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Definition

TeX is a document typesetting system which was designed by Donald Knuth and later improved to LaTeX by Leslie Lamport. It allows the writer to define the general structure of a document (such as layout and sections), to stylise text (such as bold and italics), and to add citations and cross-references.

There exist several variants that are all based on the original TeX:

Table of Contents

The Basics

LaTeX code is divided into two parts: preamble and document. In the preamble you can add packages and specify the page layout. The document part starts with \begin{document} and ends with \end{document}. It defines the visible part of your document where you put your content. Everything after \end{document} will be ignored.

Example of a minimal .tex file

% Preamble
\documentclass{article}
\title{My first article}

% Document
\begin{document}
  \maketitle

  This is the first paragraph.
\end{document}

Special Characters

Some characters are not part of normal text but have a reserved special meaning for the LaTeX compiler.

If you want to use thes characters in your text you need to put a backslash in front of them. E.g. type \% in the .tex file to produce % in the PDF. An exception is the backslash itself, which is typed as \textbackslash.

Basic Document Formatting

Headigs

LaTeX supports several levels for headings:

  1. \part{title} (only for books)
  2. \chapter{title} (only for books or reports)
  3. \section{title}
  4. \subsection{title}
  5. \subsubsection{title}
  6. \paragraph{title}
  7. \subparagraph{title}

Font Styles

Text Style Argument Syntax Switch Syntax
italic \textit{italic} \itshape italic
bold \textbf{italic} \bfseries italic
Link \href{Link}{https://tex4tum.de}

Environments

Environments span several lines and are enclosed within \begin{ENV} ... \end{ENV}, where ENV is the name of the environment.

Lists

There are three kinds of lists: 1. bullet points, 2. enumeration, and 3. descriptions.

\paragraph{Bullet Points (itemize)}
\begin{itemize}
    \item first item
    \item second item with further points:
    \begin{itemize}
        \item first subitem
        \item second subitem
    \end{itemize}
\end{itemize}

Tables

To include tables properly in your document, you should add to your preamble:

\RequirePackage{booktabs}     % better spacing and horizontal lines
\RequirePackage{multirow}     % for columns spanning multiple rows
\begin{table}
  \centering
  \begin{tabular}{ll} \toprule   % add more l's for more columns (or r/c)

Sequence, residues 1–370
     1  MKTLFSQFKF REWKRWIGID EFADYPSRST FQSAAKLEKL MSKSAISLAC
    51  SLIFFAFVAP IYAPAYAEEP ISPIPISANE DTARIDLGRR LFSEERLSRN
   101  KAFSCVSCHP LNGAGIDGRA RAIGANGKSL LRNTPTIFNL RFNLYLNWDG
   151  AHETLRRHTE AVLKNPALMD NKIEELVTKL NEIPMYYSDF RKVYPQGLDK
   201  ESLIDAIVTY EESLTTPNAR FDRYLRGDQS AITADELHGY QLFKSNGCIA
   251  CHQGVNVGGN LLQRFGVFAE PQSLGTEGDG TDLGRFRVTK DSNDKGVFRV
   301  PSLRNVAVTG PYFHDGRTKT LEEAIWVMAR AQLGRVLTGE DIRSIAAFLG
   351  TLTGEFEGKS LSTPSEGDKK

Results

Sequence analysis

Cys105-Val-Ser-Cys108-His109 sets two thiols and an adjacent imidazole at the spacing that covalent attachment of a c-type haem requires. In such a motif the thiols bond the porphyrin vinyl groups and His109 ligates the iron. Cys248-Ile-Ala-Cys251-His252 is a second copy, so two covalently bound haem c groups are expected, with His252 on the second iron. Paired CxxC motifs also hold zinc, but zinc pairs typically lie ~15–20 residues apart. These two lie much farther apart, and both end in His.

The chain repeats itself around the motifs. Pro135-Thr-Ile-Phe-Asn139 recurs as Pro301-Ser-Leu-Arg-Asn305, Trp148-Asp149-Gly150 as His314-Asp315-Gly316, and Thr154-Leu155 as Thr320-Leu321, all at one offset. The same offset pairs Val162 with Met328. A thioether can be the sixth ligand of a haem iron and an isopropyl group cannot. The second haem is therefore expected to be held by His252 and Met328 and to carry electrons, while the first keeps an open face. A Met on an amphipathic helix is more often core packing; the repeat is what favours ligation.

\thead{Title Column 1} & \thead{Title Column 2} \\ \midrule
    Cell 1                 & Cell 2                 \\
    Cell 3                 & Cell 4                 \\
    \bottomrule
  \end{tabular}
  \caption{This is the full caption of the table. It should explain which numbers are shown.}
  \label{tab:example}
\end{table}
\begin{table*}\centering
  \renewcommand{\arraystretch}{1.5}   % change vertical row spacing
  \renewcommand{\tabcolsep}{0.8em}    % change horizontal column spacing
  \begin{tabular}{@{}lrrcrr@{}}\toprule%
    \multirow{2}{*}{\thead{Slices}}&              % column heading
    \multicolumn{2}{c}{\thead{error (\%)}} &&     % column heading
    \multicolumn{2}{c}{\thead{error (slices)}} \\ % column heading
               \cmidrule{2-3} \cmidrule{5-6}
              &  avg. &   max. &&  avg. &  max. \\ \midrule
    \hfill $\lt 50$    & $7.4$ & $73.5$ && $78$  & $625$ \\
    $50 ... 100$ & $3.1$ & $27.2$ && $116$ & $725$ \\
    \hfill $\gt 100$   & $1.8$ &  $9.0$ && $178$ & $825$ \\ \bottomrule
  \end{tabular}
\caption{Professional looking table with random data.}
\end{table*}

Some Notes on Tables

Figures

To include figures properly in your document, you should add to your preamble:

\RequirePackage{graphicx}        % required to load images
\graphicspath{ {img/} {gfx/} }   % set default image subfolders

Afterwards, you can create figures using

\begin{figure}
  \centering
  \includegraphics[width=\textwidth]{example-image-golden}  % replace "example-image-golden" with filename
  \caption{This is the full caption of the figure. It should explain what is shown and should be longer than one line.}
  \label{fig:example} % used for referencing.
\end{figure}

References